Dear Helen: I’ve been placed in charge of the raspberries in the courtyard food garden of my apartment complex. All I know about them is that last summer they produced an early to midsummer crop of berries and then another one in late summer. I see they are leafing out now. I need to know how to manage them. When and how are they pruned?
Yours is one of the questions I’m asked most often. First, it is helpful to be aware of the two types of raspberries.
“Summer bearing” raspberries have one harvest season, in July. The berries are borne on canes that developed in the previous year. Canes that have finished producing berries are cut down to allow the new canes that will bear the next year’s crop to develop well.
“Everbearing” raspberries give an early summer crop and another in late summer to early autumn. You have this kind. The late crop is borne along the tips of canes produced in the current year. When that crop is over, those upper cane sections are cut away and the canes are left to bear the following year’s early summer crop of berries. Then they are cut down at ground level, leaving new canes to grow and produce the late crop.
Common advice, for the sake of simplicity in managing the planting, is to cut down all the everbearing canes at winter’s end. That eliminates the early summer berries. New canes that grow in the spring will give only the one, late season crop.
I don’t do that, because I prize the early summer berries and the late season crop often coincides with early autumn rains that turn the berries mouldy. Once you get into the routine of cutting away the dried upper cane portions after the late crop and cutting down those same canes after they give the next year’s early crop, managing the planting is fairly simple.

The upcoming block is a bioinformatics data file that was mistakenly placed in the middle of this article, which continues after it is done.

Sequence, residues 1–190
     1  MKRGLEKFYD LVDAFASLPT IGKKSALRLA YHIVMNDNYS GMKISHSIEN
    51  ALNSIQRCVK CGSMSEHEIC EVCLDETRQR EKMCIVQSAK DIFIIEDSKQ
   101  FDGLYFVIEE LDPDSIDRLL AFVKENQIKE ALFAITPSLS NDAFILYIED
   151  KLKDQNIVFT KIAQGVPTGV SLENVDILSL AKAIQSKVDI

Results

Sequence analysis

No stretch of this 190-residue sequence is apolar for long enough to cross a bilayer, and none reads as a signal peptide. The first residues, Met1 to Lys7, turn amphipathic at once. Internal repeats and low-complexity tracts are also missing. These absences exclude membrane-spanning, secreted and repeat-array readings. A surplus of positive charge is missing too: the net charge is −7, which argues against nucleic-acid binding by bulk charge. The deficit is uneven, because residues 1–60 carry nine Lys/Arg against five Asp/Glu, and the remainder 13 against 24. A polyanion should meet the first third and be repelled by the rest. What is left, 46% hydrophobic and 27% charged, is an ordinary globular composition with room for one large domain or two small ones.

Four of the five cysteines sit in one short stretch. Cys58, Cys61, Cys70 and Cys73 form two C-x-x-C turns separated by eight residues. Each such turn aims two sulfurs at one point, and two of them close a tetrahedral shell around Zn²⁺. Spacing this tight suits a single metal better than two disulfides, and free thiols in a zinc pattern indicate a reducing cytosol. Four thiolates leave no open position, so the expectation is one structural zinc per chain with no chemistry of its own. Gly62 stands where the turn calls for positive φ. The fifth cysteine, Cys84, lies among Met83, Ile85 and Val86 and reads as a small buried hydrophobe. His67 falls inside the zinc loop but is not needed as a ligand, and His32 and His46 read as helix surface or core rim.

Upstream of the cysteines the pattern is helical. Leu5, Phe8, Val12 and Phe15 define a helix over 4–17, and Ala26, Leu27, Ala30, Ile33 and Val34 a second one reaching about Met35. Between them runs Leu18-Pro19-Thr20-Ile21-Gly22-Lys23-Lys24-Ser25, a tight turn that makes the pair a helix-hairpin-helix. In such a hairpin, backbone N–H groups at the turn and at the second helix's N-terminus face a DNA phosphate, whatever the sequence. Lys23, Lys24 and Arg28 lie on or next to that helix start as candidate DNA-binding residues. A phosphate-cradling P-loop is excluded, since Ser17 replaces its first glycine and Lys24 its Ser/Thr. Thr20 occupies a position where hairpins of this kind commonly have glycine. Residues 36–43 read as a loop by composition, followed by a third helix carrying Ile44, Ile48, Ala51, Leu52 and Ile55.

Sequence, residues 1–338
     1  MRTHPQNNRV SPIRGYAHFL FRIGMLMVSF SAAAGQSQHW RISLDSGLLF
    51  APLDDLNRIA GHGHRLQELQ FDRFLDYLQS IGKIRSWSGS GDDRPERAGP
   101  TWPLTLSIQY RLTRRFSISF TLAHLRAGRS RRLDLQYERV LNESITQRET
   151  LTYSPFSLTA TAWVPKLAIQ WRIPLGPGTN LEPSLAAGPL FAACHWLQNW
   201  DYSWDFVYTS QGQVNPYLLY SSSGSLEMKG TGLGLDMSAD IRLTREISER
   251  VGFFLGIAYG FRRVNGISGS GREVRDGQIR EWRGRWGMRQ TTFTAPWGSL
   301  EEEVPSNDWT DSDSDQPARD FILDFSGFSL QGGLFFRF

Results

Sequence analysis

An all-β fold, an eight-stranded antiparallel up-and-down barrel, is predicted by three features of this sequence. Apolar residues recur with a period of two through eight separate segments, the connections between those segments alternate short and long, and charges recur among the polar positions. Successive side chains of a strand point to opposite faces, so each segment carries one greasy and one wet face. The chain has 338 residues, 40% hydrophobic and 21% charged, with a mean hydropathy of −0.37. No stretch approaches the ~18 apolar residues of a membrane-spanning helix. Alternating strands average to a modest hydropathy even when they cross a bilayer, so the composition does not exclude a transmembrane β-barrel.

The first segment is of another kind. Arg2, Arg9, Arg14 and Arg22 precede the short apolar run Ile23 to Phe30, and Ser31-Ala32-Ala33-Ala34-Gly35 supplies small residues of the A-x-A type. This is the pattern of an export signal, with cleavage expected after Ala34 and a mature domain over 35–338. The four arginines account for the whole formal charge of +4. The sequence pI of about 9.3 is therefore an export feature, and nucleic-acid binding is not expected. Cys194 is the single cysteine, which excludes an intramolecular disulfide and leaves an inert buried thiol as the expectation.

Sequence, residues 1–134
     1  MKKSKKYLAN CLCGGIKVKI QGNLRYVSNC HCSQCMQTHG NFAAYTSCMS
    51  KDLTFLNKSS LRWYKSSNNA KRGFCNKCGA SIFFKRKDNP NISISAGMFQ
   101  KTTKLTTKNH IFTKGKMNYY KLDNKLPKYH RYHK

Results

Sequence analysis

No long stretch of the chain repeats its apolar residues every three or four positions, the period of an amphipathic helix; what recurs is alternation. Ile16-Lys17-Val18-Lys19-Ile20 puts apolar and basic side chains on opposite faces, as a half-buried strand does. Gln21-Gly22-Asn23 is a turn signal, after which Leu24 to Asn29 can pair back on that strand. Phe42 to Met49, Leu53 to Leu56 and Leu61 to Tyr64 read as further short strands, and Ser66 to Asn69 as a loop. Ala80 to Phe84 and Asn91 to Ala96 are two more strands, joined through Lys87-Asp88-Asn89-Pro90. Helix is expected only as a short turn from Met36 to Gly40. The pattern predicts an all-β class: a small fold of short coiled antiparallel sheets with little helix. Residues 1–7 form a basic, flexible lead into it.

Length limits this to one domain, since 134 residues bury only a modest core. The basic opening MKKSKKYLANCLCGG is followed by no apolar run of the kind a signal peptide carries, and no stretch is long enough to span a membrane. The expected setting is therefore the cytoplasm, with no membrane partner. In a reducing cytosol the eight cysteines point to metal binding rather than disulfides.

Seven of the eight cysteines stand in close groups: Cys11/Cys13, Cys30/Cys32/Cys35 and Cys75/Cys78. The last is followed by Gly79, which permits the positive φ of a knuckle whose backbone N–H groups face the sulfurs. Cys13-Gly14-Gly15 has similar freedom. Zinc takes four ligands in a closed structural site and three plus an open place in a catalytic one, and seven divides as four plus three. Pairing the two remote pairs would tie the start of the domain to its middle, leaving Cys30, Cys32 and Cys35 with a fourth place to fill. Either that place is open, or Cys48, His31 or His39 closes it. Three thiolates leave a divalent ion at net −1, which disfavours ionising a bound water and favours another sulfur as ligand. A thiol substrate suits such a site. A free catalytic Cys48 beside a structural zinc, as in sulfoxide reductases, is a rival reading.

Check the canes. If there remain any withered upper portions, where the late crop berries were last year, cut them away now. Make the cuts right above the uppermost, healthy looking green shoot.
If the canes are crowded, thin out the weakest. Optimum air circulation and exposure to sunlight in the planting will help to guarantee robust growth and fine, sweet berries.
Dear Helen: For the past two years I’ve been unable to find the potting soil that I’d used for years in my indoor seeding mixtures. My tomato seedings have failed in both years. Have you had any similar issues? What mixtures have worked best for you?
Significant changes to potting soil mixtures available in the past two years have caused difficulties to many home gardeners. My own longtime reliable products have disappeared, and it has been a scramble to find substitutes that work. Last year I had germination failures that I’d never experienced before.
So far this year, I’ve had excellent germination of the seeds I’ve sown indoors, using a mix I blend myself from different products. Because the nine-cm deep flats I use for seeding house the seeds through the seedling stage to transplant size, I use a mix that approximates a potting mix.
I begin with Pro-Mix HP. I actually prefer Pro-Mix BX, the “basic” mix, but it is not available in outlets near me. HP stands for high porosity, meaning it has a lower level of moisture retention because of the perlite content.
I start with Pro-Mix and add approximately a third as much of either Island Finest Ultimate Organic Potting mix, suitable for all indoor and outdoor use, or Cinnebar Valley Premium Organic All-Purpose potting mix.
Since products seem to be continually changing, I expect that the next time I need to purchase a potting mix I may not find what I’ve become used to. A safeguard is to check carefully for the “all-purpose” designation. That means that the mix is suitable for both indoor seeding and outdoor potting. Directions for sowing seeds on the bag is another assurance of the all-purpose nature of the mix.
Then, buy one bag to check the texture is to your liking. Some mixes are light and peaty. Others are heavier and more soil-like.
Depending on the product I can find, and taking into account the very light, porous nature of the Pro-Mix HP. I may add vermiculite for added moisture retention.